Mention Level 42 to anyone who knows or remembers them and you’re bound to get two different accounts in return.
One is that of an amazingly proficient jazz-funk outfit that catered to the U.K muso crowd and beyond and the other is that of a 1980’s hit-maker that landed some 20 toe-tappers on the U.K. Top 40, not to mention a couple of U.S. Top 10ers in “Something About You” and “Lessons In Love.”
The one constant driving the multi-faceted band, of course, is bassist and singer Mark King.
Renowned for his slap-happy lines that echo the likes of Stanley Clarke and Larry Johnson as well as his distinctive vocals, King, 51, has directed the band to over 30 million in sales, while creating a devout subculture of bass-under-the-chin followers who dare try to emulate his rub-your-stomach-while-patting-your-head style on YouTube and other outlets.
This year marks the 30th anniversary of Level 42 and to celebrate, King and company – original keyboardist/vocalist Mike Lindup, guitarist Nathan King (Mark’s younger brother), saxophonist Sean Freeman and new drummer Pete Ray Biggin – are playing dates in the United States for the first time in 22 years (see www.level42.com for details).
In this chat with Bass Musician Magazine, King reveals some secrets behind his propulsive playing style, the band’s history and also talks of some soon-to-be-released new material to go with the band’s year of reflection.
Bob: Well Mark, it’s been 22 years since Level 42 graced these shores as a band. So what went into the decision to finally come here in 2010 for some dates? You’ve certainly made a lot of your U.S. hardcore fans happy.
Mark: Thank you, Bob. We are really excited to be coming over there again after so long, but it isn’t really down to us. It’s down to the business end of having local promoters take the risk and bring us over. It isn’t quite as simple as “hop on a plane and do a show wherever we like.” But we are coming this year, so all is well.
Bob: Level 42 may not have been successful here as it was in the UK and Europe, but the band’s success here in the 80s seemed, from a distance, to mark kind of a dramatic turning point. On one hand, it reached new success internationally with some Top 10 hits here and MTV exposure, not to mention your increased standing as one of the world’s best bass players. But at the same time, it seemed to mark a tipping point in the direction of the band with original drummer Phil Gould and guitarist Book Gould leaving the band. So are your memories of the U.S. happy ones or bittersweet in anyway?
Mark: The 1980’s were a great time to be on the road in the U.S. and I have far more good memories than bad. It was very hard work at the time as we were advancing on two fronts, as it were, trying to break out in the U.S., but keeping the momentum we had created back home going where we were having some pretty sizeable success. Inevitably, something has to give under those circumstances and, as you say, we underwent a line-up change in 1987, which was at the height of it all for us. Fortunately one of the perks of loads of work is that we could look for some amazing replacements, which we found in Gary Husband and Alan Murphy – great players, and even lovelier guys to hang with!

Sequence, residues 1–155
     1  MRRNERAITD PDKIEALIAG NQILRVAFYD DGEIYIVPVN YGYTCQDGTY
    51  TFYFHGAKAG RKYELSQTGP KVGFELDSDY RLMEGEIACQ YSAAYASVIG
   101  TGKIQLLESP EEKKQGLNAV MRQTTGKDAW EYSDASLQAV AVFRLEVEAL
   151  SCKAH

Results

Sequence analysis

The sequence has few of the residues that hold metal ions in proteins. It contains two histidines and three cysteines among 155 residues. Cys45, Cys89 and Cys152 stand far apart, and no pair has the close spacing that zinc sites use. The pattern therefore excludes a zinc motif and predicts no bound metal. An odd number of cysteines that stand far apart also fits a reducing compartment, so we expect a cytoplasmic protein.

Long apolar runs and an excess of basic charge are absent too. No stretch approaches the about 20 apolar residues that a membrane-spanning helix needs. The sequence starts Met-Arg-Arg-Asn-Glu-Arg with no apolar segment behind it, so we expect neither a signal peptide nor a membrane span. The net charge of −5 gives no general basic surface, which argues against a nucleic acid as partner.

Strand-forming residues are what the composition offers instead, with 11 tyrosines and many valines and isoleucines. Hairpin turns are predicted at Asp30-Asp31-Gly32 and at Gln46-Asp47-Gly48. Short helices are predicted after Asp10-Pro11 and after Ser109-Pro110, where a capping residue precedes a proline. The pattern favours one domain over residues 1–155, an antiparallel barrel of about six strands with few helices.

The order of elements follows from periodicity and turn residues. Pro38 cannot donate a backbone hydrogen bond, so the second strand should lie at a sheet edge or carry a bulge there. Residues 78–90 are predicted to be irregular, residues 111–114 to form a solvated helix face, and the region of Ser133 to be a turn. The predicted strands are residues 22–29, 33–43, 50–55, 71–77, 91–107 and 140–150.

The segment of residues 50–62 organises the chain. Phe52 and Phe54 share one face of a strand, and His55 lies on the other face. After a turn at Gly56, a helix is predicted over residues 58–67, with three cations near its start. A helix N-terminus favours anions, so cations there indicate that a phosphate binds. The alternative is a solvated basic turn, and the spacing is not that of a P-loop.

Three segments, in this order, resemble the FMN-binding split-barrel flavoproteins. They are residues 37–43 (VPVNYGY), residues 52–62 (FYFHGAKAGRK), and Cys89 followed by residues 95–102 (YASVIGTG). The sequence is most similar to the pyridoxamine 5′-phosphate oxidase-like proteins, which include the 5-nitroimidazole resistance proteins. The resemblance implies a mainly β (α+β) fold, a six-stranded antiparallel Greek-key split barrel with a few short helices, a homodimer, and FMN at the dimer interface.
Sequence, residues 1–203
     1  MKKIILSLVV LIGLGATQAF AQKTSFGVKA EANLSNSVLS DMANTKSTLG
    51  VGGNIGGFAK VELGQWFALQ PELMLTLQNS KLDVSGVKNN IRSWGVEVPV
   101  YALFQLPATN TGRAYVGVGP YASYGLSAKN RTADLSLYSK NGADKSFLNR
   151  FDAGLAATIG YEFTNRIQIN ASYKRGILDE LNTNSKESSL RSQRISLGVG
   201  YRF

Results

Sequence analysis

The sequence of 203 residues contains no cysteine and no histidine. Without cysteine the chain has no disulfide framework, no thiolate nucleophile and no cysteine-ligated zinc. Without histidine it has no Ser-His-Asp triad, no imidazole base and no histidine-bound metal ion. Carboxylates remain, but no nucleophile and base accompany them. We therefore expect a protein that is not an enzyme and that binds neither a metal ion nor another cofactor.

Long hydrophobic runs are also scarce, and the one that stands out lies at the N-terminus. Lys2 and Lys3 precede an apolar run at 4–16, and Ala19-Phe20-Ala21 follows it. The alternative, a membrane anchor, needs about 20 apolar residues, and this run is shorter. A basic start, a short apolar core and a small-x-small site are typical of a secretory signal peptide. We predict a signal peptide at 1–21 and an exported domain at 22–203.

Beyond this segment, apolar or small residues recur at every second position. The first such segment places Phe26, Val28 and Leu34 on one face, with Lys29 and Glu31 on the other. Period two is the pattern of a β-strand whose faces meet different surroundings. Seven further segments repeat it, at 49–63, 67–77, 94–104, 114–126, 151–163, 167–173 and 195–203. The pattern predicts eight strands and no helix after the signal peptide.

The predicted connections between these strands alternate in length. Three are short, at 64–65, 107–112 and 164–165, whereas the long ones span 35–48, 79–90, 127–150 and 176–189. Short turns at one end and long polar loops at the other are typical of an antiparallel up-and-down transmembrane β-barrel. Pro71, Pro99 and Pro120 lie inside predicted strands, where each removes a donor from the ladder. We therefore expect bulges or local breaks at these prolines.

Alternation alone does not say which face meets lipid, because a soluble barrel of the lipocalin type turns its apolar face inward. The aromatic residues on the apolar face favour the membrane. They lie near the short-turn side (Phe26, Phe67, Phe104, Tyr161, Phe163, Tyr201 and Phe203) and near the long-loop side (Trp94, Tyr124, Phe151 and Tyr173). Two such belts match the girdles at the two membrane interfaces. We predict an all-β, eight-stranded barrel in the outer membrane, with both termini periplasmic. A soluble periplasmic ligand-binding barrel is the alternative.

Bob: What kind of audiences do you think you’ll be playing to when you take the stage from America?
Mark: Humanoid almost certainly. Ha! But I’ll be very happy to see any and all faces at the shows.
Bob: Before getting into a little bass chat, I did want to ask you what your thoughts of the band’s history and highlights are? You probably didn’t think we’d still be talking about Level 42 when you left your job selling basses at Macari’s Music Shop in London 30 years ago.
Mark: Well, I was 21 when the band began and, at that age, it’s hard to see three years down the line, let alone 30. I do remember thinking that guys over 40 should have the good grace to step aside and let the new talent through and at 50 they should be living in a home for the aged somewhere. Needless to say that, now I’m 51, I consider those thoughts hurtful, not to mention childish. But the 30th anniversary is here and though, in my mind’s eye, I see it as just one more year that follows the last, it is still a long time to be in the in the same band.
Bob: The story of your evolution as a bass player, starting as wanting to be the best drummer on the Isle of Wight, is pretty well-documented. At the time band started, you really hadn’t been playing bass that long – yet your playing quickly became a band signature. Were you ever surprised how naturally you took to the instrument and playing slap?
Mark: I don’t think you see it that way when you are heads down and charging for the line. And to be perfectly honest, I thought my tenure on the bass would be a short one, at least until I could get behind the drums in a band somewhere. But Level 42 was proving to be a great vehicle for an up-coming bass player and because my influences were drawn from the 60’s and 70’s and the fusion, funk, jazz, and rock that had exploded into my ears, I thought it gave me free license to try anything. And as a drummer-in-waiting, transferring that percussive approach to the bass seemed quite natural. Having heard guys like Doug Rauch, Stanley Clarke and Louis Johnson doing their thing, I thought this was the way to go.
Bob: At what point did melody and notes start becoming important to you, versus just playing percussively and fast?
Mark: Developing as a singer within the band, I suppose. We all know that if you play guitar or piano you can support yourself harmonically and rhythmically while you sing. But bass is good for that too if you are willing to move away from the root note and ‘flesh’ the piece out. Throw in a portion of percussive slap and you’ve got yourself a one-man band.